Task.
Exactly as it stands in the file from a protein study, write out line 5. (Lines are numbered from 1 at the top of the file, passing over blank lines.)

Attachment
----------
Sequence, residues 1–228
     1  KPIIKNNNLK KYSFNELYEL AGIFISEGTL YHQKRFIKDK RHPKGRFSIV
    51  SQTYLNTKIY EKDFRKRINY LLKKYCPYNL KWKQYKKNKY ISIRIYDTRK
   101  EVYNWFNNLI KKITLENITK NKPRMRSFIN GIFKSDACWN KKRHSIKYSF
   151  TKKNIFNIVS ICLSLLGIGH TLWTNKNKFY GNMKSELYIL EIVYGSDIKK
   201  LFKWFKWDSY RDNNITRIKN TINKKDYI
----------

   151  TKKNIFNIVS ICLSLLGIGH TLWTNKNKFY GNMKSELYIL EIVYGSDIKK